CheXNet: Radiologist-Level Pneumonia Detection on Chest X-Rays with Deep Learning – Stanford ML Group (free)

“We develop an algorithm that can detect pneumonia from chest X-rays at a level exceeding practicing radiologists”

 


White Smoke From the Vatican? Not From Cigarettes – The New York Times (10 articles per month are free)

Related: No more Holy Smokes – Vatican bans sale of cigarettes – Reuters (free) AND Holy smoke: Vatican bans duty-free cigarette sales – BBC (free)

“WHO welcomes the Vatican’s decision to ban the sale of cigarettes as of next year. Tobacco kills more than 7 million people every year” (RT @WHO see Tweet)

 


Circulating vitamin D concentration and risk of seven cancers: Mendelian randomisation study – The BMJ (free)

Commentary: Vitamin D level not associated with cancer risk – Clinical Adviser (free)

“These results, in combination with previous literature, provide evidence that population-wide screening for vitamin D deficiency and subsequent widespread vitamin D supplementation should not currently be recommended as a strategy for primary cancer prevention”.

 


The Growing Value of Digital Health: Evidence and Impact on Human Health and the Healthcare System – IQVIA Institute (free)

Commentary: Study Names Top Apps for Patients to Manage Illnesses – Medscape (free registration required)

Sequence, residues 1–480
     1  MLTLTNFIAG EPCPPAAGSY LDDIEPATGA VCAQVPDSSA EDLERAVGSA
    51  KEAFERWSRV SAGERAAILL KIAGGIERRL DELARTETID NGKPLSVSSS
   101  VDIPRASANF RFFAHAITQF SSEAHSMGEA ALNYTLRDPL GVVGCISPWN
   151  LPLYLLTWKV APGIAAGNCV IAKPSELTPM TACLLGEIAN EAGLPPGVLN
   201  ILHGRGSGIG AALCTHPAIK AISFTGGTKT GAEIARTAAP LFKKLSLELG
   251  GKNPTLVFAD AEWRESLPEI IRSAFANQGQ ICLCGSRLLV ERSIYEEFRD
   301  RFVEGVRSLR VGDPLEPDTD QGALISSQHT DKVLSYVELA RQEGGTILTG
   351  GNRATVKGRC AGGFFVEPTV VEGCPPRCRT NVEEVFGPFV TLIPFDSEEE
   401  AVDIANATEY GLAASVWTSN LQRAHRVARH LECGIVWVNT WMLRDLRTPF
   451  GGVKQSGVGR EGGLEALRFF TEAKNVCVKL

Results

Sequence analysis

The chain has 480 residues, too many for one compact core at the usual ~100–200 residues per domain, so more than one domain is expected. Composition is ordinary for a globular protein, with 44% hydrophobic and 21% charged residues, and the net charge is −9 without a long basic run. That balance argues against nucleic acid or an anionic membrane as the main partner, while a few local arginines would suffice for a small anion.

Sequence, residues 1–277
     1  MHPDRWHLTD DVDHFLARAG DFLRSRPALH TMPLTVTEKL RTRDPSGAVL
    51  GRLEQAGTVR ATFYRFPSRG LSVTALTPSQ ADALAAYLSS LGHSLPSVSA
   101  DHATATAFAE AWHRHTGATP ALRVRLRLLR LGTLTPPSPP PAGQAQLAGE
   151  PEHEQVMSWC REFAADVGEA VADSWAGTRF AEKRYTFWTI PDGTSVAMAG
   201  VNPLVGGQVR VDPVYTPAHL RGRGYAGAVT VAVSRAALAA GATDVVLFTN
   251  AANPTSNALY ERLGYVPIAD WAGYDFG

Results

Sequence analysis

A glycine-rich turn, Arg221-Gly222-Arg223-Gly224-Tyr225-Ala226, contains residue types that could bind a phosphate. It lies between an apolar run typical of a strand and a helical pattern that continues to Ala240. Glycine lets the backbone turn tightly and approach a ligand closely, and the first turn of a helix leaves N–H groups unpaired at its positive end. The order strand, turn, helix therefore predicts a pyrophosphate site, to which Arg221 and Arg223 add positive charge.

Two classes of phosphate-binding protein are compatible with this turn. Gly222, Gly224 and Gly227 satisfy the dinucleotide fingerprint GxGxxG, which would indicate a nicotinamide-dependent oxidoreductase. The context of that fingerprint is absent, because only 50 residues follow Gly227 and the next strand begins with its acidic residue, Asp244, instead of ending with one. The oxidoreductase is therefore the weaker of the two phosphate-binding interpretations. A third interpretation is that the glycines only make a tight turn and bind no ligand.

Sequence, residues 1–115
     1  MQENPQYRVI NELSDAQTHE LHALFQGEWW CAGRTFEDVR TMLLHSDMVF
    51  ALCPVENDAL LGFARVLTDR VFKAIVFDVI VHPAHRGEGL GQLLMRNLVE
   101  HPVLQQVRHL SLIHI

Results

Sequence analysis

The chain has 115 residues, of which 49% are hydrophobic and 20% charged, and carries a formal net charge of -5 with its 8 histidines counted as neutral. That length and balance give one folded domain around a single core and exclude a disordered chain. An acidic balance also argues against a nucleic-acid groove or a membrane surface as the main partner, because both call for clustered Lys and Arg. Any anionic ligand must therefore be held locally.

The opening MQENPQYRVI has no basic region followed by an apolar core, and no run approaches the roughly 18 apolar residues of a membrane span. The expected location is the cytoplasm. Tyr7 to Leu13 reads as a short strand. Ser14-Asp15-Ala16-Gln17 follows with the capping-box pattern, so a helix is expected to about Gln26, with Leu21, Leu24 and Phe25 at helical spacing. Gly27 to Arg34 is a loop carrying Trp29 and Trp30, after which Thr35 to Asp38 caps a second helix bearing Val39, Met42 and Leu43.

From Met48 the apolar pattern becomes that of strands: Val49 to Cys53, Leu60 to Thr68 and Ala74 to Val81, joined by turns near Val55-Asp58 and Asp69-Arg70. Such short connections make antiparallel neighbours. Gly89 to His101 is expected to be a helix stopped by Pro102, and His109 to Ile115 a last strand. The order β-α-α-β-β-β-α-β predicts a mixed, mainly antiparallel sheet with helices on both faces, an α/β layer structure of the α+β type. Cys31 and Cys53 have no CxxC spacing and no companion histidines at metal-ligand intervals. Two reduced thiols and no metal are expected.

“An impressive, in-depth report on digital health, shows how the field is taking hold” (RT @EricTopol see Tweet)

 


Debate: the case for and against screening for breast cancer with mammography

The case for mammography: Routine mammograms do save lives: The Science – The Conversation (free)

The case against mammography: Routine mammograms do not save lives: The research is clear – The Conversation (free)

Related: Make Screening Mammography Personal, Say the French – Medscape (free registration required)

“The debate over breast cancer screening continues, with disagreements about the start age, frequency, mortality effect, overdiagnosis, and overtreatment” (from Medscape)

 


Association of Warfarin Use With Lower Overall Cancer Incidence Among Patients Older Than 50 Years – JAMA Internal Medicine (free)

“In this population-based cohort study of 1.256.725 persons, there was a significantly lower age- and sex-adjusted incidence rate ratio of cancer among warfarin users vs nonusers”.

 


Payments by US pharmaceutical and medical device manufacturers to US medical journal editors: retrospective observational study – The BMJ (free)

“Industry payments to journal editors are common and often large, particularly for certain subspecialties. Journals should consider the potential impact of such payments on public trust in published research”.

 


Is It Possible to Predict the Next Pandemic? – The Atlantic (free)